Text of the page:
Here’s a surprise: noise is annoying
The most widespread and well-documented subjective response to noise is annoyance, which may include fear and mild anger, related to a belief that one is being avoidably harmed. Noise is also seen as intrusive into personal privacy, while its meaning for any individual is important in determining whether that person will be annoyed by it.
Annoyance reactions are often associated with the degree of interference that any noise causes in everyday activities, which probably precedes and leads on to annoyance. In both traffic and aircraft noise studies, noise levels have been found to be associated with annoyance in a dose–response relationship. Overall, it seems that conversation, watching television or listening to the radio (all involving speech communication) are the activities most disturbed by aircraft noise while traffic noise, if present at night, is most disturbing for sleep.
Noise and sleep disturbance
There is both objective and subjective evidence for sleep disturbance by noise. Exposure to noise disturbs sleep proportional to the amount of noise experienced in terms of an increased rate of changes in sleep stages and in number of awakenings. Habituation occurs with an increased number of sound exposures by night and across nights. One laboratory study, however, found no habituation during 14 nights of exposure to noise at maximum noise level exposure. Objective sleep disturbance is likely to occur if there are more than 50 noise events per night with a maximum level of 50 dBA indoors or more. In fact, there is a low association between outdoor noise levels and sleep disturbance.
Noise exposure during sleep may increase blood pressure, heart rate and finger pulse amplitude as well as body movements. There may also be after-effects during the day following disturbed sleep; perceived sleep quality, mood and performance in terms of reaction time all decreased following sleep disturbed by road traffic noise.
Studies on noise abatement show that, by reducing indoor noise level, the amount of REM sleep and slow wave sleep can be increased. It thus seems that, although there may be some adaptation to sleep disturbance by noise, complete habituation does not occur, particularly for heart rate.
Noise exposure and performance
There is good evidence, largely from laboratory studies, that noise exposure impairs performance. Performance may be impaired if speech is played while a subject reads and remembers verbal material, although this effect is not found with non-speech noise. The effects of “irrelevant speech” are independent of the intensity and meaning of the speech. The susceptibility of complex mental tasks to disruption by “irrelevant speech” suggests that reading, with its reliance on memory, may also be impaired.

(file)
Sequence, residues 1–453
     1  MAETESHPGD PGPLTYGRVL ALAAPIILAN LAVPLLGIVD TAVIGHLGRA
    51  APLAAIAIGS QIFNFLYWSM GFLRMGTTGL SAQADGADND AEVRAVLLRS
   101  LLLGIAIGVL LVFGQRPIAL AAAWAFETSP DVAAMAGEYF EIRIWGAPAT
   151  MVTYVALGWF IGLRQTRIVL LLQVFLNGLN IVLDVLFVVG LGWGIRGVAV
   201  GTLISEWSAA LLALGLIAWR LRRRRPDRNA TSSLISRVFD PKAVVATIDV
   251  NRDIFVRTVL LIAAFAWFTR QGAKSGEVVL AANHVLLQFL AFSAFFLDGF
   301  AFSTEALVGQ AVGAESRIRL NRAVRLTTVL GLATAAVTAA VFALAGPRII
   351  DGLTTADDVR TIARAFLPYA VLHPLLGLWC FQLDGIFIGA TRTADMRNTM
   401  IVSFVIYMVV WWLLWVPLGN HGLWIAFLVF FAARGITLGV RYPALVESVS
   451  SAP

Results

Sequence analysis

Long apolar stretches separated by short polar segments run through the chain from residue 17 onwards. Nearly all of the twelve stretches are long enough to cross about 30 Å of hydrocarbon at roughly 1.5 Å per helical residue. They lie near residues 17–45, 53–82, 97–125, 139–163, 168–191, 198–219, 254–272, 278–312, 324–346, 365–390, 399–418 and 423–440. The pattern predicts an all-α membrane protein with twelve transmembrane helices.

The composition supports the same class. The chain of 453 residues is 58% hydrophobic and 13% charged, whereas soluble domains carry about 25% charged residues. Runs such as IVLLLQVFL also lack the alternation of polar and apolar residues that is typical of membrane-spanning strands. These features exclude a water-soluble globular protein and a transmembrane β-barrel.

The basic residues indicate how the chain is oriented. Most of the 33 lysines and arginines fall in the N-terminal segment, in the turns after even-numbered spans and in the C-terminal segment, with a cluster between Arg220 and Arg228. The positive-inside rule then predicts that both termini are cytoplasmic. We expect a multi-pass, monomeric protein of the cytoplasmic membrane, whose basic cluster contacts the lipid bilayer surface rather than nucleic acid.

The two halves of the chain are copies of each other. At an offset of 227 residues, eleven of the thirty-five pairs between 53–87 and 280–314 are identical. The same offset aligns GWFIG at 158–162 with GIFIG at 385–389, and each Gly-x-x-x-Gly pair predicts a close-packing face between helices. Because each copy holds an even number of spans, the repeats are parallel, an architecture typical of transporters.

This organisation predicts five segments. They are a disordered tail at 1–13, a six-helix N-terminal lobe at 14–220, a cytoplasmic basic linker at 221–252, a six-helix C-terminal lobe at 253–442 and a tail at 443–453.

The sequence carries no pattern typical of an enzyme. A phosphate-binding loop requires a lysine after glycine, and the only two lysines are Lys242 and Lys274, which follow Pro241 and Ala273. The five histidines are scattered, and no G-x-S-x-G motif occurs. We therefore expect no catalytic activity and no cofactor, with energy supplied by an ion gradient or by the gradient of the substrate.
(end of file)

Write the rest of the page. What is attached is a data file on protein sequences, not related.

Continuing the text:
Perceived control over and predictability of noise has been found to be important in determining effects and after-effects of noise exposure. Tasks performed during noise were found in one study to be unimpaired, but tasks that were carried out after noise had been switched off were impaired, this being reduced when subjects were given perceived control over the noise.
Indeed, even anticipation of a loud noise exposure in the absence of real exposure may impair performance and an expectation of control counters this effect. Noise exposure may also increase aggression.
Physiological responses to noise exposure
Noise exposure causes a number of predictable short-term physiological responses mediated through the autonomic nervous system. Exposure to noise causes physiological activation including increase in heart rate and blood pressure. There is rapid habituation to brief noise exposure but habituation to prolonged noise is less certain.
Many occupational studies have suggested that individuals chronically exposed to continuous noise at levels of at least 85 dB have higher blood pressure than those not exposed to noise. In many of these studies, noise exposure has also been an indicator of exposure to other factors, both physical and psychosocial, which are also associated with high blood pressure. Unless these other risk factors are controlled, spurious associations between noise and blood pressure may arise.
Noise exposure and psychological symptoms
Symptoms reported among industrial workers regularly exposed to high noise levels include nausea, headaches, argumentativeness and changes in mood and anxiety. Many of these industrial studies are difficult to interpret, however, because workers were exposed to other stressors such as physical danger and heavy work demands, in addition to excessive noise. Community surveys have found that high percentages of people reported ‘headaches’, ‘restless nights’, and ‘being tense and edgy’ in high-noise areas.
Source: British Medical Bulletin https://academic.oup.com